G.P. I visit frequently the web site of Kathleen Ann Goonan (http://www.goonan.com), one of my favorite authors. I have just deleted the “SF” qualifier that I had written before “author”, because I believe that science fiction, as a literature, should be “reviewed and shelved with the rest of the books”. This is taken from the text, recently appeared as an essay on Kathleen’s site, of a talk she gave at the Library of Congress on “The Biological Century and the Future of Science Fiction"…
G.P., April 13, 2002
I visit frequently the web site of Kathleen Ann Goonan (http://www.goonan.com), one of my favorite authors. I have just deleted the "SF" qualifier that I had written before "author", because I believe that science fiction, as a literature, should be "reviewed and shelved with the rest of the books". This is taken from the text, recently appeared as an essay on Kathleen's site, of a talk she gave at the Library of Congress on "The Biological Century and the Future of Science Fiction".
I wish to recommend that you read the full text of the talk, and I take this opportunity to recommend that you also read all of Kathleen's works. She is one of the few authors on my "buy everything" list. Kathleen Goonan's style is very dense and textured: she is not the easiest author to read, and going rapidly through the pages to see what happens with the story does not work. Reading carefully, on the contrary, is rewarded by passages of great descriptive power and beauty. In this, she provides one of the best examples of the literary value of modern science fiction, one of the main themes of her essay. Three of her four major published novels (a fifth is in the making, read the essay for more details) give snapshots taken at different times of a world where nano and biotechnologies ("bionan") produce deep changes in humans and their habitat. Cultural and social changes, including some triggered by catastrophic failures, are explored in detail.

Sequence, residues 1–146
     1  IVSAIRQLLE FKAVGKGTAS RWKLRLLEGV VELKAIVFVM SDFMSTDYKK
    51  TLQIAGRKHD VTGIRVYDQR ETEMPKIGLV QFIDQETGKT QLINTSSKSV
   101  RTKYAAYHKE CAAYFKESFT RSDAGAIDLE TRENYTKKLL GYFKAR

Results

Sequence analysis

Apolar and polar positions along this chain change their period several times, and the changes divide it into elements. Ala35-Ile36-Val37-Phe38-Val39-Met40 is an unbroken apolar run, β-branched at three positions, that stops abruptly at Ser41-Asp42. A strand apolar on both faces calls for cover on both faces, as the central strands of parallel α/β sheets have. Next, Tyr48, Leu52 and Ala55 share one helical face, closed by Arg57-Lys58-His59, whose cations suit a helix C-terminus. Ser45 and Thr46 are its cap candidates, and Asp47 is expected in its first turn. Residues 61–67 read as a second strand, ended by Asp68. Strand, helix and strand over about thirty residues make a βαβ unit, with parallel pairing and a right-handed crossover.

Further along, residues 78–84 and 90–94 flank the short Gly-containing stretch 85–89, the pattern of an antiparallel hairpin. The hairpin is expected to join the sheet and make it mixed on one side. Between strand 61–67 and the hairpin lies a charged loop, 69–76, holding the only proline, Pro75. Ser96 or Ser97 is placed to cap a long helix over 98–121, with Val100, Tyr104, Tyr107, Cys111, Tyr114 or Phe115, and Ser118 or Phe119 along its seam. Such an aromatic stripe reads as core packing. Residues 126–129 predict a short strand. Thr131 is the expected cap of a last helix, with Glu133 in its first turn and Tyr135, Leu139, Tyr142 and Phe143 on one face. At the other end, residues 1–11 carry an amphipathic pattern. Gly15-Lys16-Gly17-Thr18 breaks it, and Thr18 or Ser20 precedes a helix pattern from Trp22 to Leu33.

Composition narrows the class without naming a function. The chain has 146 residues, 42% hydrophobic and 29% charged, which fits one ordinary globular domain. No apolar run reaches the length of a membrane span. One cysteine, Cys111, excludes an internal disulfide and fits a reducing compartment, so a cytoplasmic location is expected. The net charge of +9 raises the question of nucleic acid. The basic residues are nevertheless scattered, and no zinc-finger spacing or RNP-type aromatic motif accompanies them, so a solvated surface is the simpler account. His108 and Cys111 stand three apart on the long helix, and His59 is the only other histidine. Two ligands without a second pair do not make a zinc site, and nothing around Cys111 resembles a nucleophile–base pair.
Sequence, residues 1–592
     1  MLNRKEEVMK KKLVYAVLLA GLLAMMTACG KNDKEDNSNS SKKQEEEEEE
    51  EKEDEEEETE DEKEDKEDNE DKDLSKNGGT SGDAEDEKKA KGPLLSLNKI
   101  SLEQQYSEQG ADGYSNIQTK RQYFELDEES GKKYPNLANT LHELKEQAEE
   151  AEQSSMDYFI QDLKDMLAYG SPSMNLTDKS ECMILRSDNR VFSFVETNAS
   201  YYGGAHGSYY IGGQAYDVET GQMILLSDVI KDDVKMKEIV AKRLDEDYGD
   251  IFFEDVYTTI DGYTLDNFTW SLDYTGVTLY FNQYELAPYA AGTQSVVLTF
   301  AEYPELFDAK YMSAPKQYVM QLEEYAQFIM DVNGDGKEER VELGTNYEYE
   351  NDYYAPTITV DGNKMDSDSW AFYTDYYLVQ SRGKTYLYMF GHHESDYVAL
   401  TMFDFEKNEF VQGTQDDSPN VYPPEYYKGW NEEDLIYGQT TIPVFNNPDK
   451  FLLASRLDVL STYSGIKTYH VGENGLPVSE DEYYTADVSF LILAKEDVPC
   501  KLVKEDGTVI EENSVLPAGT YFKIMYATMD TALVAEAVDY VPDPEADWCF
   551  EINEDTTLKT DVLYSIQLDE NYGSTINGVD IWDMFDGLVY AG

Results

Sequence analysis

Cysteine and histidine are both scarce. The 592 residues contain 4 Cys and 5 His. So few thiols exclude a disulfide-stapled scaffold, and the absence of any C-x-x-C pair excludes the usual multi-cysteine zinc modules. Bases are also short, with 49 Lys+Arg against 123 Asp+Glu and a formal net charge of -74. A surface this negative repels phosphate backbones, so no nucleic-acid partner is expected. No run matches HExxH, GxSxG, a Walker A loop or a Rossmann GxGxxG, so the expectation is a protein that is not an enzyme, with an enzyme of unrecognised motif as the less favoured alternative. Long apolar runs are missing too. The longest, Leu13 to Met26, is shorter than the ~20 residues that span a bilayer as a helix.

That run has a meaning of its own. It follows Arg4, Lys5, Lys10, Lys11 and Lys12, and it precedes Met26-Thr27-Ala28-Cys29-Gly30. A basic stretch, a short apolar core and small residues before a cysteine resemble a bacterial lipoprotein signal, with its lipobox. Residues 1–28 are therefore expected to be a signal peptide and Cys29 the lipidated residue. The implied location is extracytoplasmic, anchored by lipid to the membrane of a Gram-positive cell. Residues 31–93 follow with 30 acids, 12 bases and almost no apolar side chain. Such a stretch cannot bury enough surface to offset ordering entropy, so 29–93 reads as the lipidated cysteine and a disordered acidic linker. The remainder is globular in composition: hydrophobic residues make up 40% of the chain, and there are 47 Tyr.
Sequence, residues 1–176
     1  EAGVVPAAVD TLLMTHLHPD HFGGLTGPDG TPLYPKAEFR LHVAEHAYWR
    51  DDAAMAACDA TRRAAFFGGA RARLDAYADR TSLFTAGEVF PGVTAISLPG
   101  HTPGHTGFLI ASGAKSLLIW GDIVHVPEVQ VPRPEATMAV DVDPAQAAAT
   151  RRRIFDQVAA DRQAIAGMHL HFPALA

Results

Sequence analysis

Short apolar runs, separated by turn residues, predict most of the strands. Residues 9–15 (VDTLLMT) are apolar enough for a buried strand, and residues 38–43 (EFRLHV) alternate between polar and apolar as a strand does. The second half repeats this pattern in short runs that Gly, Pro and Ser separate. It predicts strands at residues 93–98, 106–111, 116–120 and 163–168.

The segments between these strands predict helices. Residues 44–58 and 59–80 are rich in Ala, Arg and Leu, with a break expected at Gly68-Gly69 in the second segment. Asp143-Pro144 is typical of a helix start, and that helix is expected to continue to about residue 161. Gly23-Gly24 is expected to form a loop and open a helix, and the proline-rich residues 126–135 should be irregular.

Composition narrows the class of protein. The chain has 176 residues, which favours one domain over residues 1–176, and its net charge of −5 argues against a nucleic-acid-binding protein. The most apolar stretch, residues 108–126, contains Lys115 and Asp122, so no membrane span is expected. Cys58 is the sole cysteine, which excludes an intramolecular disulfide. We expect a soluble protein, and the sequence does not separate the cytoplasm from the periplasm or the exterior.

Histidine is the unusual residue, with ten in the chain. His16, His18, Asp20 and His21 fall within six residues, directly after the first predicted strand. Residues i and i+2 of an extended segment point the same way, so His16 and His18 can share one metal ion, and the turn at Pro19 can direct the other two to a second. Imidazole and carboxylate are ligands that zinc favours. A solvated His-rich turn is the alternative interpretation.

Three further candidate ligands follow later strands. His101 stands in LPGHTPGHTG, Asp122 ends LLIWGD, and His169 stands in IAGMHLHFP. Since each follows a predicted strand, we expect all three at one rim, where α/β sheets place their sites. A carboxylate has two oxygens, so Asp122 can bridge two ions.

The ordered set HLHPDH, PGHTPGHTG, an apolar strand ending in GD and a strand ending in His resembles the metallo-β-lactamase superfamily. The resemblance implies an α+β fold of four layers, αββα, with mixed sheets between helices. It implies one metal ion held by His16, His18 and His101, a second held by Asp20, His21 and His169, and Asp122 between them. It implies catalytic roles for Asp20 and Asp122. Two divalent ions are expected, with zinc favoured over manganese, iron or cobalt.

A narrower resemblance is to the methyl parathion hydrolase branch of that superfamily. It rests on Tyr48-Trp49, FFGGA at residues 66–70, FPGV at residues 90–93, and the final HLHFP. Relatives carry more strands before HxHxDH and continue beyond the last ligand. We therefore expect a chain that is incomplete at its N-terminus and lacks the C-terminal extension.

The science is sound and based on current research. Of course, there is a lot of informed guessing on how current research could develop and where such development might lead. And this is the second main theme of the essay: science inspired literature can, and should, guide and inspire scientific, technical and cultural development work ("But first, it had to be imagined"). The works of Sir Arthur C. Clarke and others have motivated many to choose careers in the hard sciences and, in Kathleen's words, "perhaps laid the groundwork for the space program". We can confidently look forward to more and more works of authors like Kathleen Ann Goonan, Greg Egan, Greg Bear, and others to motivate and inspire our generation and those to come.